The moment a dying star collapses into a supernova explosion has been witnessed by astronomers in real time.
In a first for the scientific community, a so-called type II supernova – the ‘death throes’ of a red supergiant star has been recorded.
Researchers at Northwestern University and the University of California, Berkeley observed the red supergiant during its last 130 days leading up to its deadly detonation.
Wynn Jacobson-Galán, the study’s lead author, said in a statement: ‘This is a breakthrough in our understanding of what massive stars do moments before they die.
‘Direct detection of pre-supernova activity in a red supergiant star has never been observed before in an ordinary type II supernova. For the first time, we watched a red supergiant star explode.’
Stars classified as red supergiants have a mass more than 10 times that of our sun. They also have a very cool surface – below 3826°C – and an enormous radii.
The University of Hawaii Institute for AstronomyPan-STARRS on Haleakalā, Maui, first detected the doomed massive star in the summer of 2020 when a huge amount of light radiating from the red supergiant.
A few months later, in the autumn of 2020, a supernova lit the sky.
The team quickly captured the powerful flash and obtained the very first spectrum of the energetic explosion, named supernova 2020tlf (SN 2020tlf), using the W.M. Keck Observatory’s Low Resolution Imaging Spectrometer on Maunakea in Hawaii.
The researchers have since been studying the data and the resulting study was published this week in the Astrophysical Journal.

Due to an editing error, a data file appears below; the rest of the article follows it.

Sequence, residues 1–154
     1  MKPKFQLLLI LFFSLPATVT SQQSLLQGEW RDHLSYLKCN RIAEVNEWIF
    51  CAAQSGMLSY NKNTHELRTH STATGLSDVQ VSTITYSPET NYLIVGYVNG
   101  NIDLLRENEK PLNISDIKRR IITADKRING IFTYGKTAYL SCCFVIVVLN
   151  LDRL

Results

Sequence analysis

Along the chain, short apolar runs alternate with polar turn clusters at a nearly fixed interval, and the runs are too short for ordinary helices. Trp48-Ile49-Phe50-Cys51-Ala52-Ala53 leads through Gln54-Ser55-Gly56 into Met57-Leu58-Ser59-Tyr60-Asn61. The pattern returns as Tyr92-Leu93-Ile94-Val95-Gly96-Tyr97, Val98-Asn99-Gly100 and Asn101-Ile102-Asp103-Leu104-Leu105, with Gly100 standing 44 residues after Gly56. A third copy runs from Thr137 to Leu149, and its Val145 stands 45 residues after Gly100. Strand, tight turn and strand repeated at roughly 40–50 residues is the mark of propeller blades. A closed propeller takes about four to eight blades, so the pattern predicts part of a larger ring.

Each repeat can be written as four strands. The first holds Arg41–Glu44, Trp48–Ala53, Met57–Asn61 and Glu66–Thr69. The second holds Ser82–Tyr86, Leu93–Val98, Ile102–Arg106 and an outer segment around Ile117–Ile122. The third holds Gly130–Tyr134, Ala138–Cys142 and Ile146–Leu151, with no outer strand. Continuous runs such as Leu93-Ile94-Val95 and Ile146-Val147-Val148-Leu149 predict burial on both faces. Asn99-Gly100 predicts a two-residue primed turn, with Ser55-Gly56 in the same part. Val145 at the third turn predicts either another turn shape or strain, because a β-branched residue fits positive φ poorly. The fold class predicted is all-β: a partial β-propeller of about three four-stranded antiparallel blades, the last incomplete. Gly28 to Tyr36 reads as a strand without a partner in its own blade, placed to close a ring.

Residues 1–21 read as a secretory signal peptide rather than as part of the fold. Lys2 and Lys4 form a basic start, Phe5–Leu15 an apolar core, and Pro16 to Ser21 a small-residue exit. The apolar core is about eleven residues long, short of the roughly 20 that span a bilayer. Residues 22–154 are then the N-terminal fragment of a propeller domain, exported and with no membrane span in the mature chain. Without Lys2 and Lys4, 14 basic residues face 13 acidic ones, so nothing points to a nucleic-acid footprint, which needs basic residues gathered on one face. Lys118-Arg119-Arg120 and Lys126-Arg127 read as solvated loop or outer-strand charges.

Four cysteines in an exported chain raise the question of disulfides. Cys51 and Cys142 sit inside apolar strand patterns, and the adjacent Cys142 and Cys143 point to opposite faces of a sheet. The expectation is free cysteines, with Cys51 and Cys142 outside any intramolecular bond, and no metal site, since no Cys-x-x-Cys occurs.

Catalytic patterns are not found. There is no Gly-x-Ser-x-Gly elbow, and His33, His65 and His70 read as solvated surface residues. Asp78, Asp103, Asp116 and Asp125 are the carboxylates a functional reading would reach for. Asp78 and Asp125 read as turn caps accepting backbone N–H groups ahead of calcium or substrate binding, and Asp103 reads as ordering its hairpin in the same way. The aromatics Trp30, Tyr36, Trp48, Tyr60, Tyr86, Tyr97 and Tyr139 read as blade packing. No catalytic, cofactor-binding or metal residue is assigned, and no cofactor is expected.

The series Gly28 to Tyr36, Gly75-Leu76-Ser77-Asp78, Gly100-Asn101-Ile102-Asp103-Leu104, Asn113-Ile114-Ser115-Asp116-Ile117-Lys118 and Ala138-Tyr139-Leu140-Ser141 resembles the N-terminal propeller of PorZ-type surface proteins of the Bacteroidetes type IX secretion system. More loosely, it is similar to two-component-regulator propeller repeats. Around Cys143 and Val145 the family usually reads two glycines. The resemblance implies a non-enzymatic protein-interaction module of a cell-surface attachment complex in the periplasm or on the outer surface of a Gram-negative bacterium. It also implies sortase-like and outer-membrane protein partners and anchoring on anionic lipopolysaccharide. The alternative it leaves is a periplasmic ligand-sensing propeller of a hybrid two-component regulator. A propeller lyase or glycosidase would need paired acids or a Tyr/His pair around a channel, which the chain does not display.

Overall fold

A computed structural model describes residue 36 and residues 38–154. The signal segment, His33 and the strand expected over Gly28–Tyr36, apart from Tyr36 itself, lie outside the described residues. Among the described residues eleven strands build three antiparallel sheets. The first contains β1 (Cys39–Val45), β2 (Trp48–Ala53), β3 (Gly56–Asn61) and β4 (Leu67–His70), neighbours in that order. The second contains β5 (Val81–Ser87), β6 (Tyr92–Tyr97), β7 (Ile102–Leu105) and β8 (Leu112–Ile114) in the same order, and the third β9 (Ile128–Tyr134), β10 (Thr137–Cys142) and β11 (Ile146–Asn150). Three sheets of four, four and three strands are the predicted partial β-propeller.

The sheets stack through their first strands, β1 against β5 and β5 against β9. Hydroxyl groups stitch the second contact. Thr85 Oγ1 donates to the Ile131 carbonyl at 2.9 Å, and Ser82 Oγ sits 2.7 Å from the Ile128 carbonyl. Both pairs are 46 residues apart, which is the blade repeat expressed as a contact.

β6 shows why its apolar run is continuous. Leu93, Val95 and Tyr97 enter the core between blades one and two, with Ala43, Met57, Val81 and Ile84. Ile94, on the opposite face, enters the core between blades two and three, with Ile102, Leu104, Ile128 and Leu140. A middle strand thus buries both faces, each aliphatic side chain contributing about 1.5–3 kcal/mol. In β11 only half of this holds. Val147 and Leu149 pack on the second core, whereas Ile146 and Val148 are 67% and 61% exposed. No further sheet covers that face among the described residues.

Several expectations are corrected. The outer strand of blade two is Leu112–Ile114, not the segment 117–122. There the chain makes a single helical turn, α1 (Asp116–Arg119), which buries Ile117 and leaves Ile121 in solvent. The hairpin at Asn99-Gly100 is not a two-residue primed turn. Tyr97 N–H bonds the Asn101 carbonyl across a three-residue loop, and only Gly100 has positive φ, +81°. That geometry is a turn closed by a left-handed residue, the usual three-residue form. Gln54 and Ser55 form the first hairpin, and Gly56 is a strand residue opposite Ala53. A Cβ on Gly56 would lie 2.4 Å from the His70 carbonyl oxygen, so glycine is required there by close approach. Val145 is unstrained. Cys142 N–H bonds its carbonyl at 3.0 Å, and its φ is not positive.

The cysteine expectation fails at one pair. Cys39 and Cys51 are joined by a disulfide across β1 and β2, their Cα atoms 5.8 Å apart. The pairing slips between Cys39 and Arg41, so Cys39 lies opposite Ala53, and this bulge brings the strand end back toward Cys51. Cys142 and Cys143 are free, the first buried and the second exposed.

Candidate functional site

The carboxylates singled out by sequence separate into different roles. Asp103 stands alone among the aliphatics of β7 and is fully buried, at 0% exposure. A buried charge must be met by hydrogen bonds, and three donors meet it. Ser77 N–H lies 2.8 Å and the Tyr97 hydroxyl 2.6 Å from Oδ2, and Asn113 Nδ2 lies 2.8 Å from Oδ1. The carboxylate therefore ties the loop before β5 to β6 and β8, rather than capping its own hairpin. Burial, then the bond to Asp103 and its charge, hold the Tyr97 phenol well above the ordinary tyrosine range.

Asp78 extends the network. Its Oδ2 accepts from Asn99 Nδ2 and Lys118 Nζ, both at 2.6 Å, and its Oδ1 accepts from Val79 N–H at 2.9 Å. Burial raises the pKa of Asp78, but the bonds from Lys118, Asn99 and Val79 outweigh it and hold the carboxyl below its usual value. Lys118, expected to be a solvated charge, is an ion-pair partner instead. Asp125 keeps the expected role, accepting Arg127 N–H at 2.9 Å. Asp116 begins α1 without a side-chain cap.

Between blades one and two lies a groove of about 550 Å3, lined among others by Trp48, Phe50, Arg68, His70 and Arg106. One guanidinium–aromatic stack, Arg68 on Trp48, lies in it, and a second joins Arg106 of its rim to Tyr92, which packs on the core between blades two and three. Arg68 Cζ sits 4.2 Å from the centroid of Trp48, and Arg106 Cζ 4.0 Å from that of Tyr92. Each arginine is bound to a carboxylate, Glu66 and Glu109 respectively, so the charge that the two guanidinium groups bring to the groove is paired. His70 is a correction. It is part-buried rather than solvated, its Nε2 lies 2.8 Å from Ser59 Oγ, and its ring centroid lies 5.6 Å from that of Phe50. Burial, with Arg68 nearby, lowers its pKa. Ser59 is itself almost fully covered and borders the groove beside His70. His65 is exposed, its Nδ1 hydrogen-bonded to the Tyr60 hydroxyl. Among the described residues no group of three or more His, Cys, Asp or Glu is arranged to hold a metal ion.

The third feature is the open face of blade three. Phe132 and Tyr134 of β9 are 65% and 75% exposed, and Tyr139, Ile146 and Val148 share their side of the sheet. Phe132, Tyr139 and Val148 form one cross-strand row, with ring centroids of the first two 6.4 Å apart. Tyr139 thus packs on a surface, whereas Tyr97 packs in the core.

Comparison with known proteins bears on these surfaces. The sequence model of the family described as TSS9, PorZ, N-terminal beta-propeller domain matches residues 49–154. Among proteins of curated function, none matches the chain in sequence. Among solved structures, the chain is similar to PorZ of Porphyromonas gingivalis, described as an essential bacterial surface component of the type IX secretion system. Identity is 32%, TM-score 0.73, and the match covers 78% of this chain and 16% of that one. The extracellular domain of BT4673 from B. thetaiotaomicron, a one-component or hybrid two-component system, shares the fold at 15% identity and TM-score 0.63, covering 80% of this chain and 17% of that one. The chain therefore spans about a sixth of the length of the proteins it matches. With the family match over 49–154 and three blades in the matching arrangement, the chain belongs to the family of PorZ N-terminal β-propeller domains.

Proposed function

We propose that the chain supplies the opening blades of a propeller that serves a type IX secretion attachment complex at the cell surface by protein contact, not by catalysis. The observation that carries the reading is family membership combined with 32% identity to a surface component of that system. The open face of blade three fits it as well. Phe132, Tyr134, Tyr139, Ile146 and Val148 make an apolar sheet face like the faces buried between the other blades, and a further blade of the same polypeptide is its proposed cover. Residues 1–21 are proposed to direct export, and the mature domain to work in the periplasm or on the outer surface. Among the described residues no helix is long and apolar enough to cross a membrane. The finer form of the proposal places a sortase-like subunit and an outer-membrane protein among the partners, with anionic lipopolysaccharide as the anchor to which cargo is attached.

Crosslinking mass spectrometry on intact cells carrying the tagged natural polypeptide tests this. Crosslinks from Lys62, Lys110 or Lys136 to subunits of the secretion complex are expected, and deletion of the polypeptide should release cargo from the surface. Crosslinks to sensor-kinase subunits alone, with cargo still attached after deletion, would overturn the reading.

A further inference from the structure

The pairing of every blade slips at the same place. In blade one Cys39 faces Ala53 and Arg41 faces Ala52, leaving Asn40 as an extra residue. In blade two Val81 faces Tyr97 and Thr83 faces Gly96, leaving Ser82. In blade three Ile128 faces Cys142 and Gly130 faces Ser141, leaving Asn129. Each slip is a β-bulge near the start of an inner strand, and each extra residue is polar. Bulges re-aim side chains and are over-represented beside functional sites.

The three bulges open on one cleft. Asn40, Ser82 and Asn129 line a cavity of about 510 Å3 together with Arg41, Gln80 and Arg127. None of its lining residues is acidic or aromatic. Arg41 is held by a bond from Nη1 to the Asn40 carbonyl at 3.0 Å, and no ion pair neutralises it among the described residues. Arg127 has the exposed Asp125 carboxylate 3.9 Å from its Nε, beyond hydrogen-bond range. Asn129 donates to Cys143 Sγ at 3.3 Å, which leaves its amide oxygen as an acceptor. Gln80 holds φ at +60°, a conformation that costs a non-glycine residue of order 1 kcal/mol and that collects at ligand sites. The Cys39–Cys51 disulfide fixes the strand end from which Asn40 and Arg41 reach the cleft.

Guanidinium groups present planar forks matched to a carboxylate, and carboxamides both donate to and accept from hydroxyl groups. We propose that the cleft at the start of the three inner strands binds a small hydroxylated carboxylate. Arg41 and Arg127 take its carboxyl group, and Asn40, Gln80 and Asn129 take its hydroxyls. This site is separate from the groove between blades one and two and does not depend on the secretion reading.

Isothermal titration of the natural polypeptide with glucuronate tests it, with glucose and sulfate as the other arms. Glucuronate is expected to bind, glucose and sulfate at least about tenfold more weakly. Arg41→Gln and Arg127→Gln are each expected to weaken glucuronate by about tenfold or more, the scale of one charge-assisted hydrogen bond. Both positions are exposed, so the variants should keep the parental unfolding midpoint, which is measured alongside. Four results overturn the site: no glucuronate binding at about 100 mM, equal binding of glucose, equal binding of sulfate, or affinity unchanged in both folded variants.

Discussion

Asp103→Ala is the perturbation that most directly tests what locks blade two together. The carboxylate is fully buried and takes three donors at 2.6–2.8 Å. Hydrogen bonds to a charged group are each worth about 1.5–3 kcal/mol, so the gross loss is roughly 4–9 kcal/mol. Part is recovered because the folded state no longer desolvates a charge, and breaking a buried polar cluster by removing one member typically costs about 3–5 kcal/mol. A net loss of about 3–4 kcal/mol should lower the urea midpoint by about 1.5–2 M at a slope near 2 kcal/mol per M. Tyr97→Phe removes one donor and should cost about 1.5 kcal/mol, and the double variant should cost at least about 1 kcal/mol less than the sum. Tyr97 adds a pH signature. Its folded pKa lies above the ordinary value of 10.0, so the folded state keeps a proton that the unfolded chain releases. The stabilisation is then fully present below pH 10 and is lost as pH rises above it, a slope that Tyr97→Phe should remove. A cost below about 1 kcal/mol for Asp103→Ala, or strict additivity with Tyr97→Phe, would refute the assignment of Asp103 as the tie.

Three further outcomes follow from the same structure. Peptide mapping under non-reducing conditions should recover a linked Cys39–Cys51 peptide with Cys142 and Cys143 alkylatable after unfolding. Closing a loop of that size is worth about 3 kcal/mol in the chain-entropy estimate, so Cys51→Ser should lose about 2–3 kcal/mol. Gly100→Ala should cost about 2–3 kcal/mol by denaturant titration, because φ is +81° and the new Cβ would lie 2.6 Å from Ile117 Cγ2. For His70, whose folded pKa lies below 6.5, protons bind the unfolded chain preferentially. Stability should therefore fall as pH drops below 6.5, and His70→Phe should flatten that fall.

Raffaella Margutti, an adjunct associate professor at CIERA and the paper’s senior author, said: ‘It’s like watching a ticking time bomb.
‘We’ve never confirmed such violent activity in a dying red supergiant star where we see it produce such a luminous emission, then collapse and combust, until now.’
The team continued to monitor SN 2020tlf after the explosion.
Based on data obtained from Keck Observatory’s Deep Imaging and Multi-Object Spectrograph and Near Infrared Echellette Spectrograph, the researchers determined SN 2020tlf’s progenitor red supergiant star — located in the NGC 5731 galaxy about 120 million light-years away from Earth — was 10 times more massive than the sun.
The data will help illuminate the study of supernovas in the future. Despite their awesome power, they’re a relatively common occurance. Estimates suggest that, somewhere out in the universe, there’s a star exploding every second.
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